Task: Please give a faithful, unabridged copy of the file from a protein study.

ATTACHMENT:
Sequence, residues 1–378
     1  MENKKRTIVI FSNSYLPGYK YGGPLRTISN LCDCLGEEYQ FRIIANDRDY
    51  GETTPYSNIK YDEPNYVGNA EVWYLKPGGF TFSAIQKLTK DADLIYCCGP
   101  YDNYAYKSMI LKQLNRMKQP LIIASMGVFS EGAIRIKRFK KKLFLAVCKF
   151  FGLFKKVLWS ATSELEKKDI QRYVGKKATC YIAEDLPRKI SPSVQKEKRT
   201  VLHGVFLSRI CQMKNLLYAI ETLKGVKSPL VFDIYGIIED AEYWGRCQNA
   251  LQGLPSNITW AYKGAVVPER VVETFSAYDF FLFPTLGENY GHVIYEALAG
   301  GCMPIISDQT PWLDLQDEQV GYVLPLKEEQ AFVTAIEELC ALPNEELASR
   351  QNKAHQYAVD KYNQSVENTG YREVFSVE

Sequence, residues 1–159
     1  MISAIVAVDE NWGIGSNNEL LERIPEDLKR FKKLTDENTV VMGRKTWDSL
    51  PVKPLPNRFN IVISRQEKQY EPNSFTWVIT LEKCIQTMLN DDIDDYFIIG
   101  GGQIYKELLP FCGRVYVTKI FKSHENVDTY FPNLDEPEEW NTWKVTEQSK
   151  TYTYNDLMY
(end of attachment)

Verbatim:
Sequence, residues 1–378
     1  MENKKRTIVI FSNSYLPGYK YGGPLRTISN LCDCLGEEYQ FRIIANDRDY
    51  GETTPYSNIK YDEPNYVGNA EVWYLKPGGF TFSAIQKLTK DADLIYCCGP
   101  YDNYAYKSMI LKQLNRMKQP LIIASMGVFS EGAIRIKRFK KKLFLAVCKF
   151  FGLFKKVLWS ATSELEKKDI QRYVGKKATC YIAEDLPRKI SPSVQKEKRT
   201  VLHGVFLSRI CQMKNLLYAI ETLKGVKSPL VFDIYGIIED AEYWGRCQNA
   251  LQGLPSNITW AYKGAVVPER VVETFSAYDF FLFPTLGENY GHVIYEALAG
   301  GCMPIISDQT PWLDLQDEQV GYVLPLKEEQ AFVTAIEELC ALPNEELASR
   351  QNKAHQYAVD KYNQSVENTG YREVFSVE

Sequence, residues 1–159
     1  MISAIVAVDE NWGIGSNNEL LERIPEDLKR FKKLTDENTV VMGRKTWDSL
    51  PVKPLPNRFN IVISRQEKQY EPNSFTWVIT LEKCIQTMLN DDIDDYFIIG
   101  GGQIYKELLP FCGRVYVTKI FKSHENVDTY FPNLDEPEEW NTWKVTEQSK
   151  TYTYNDLMY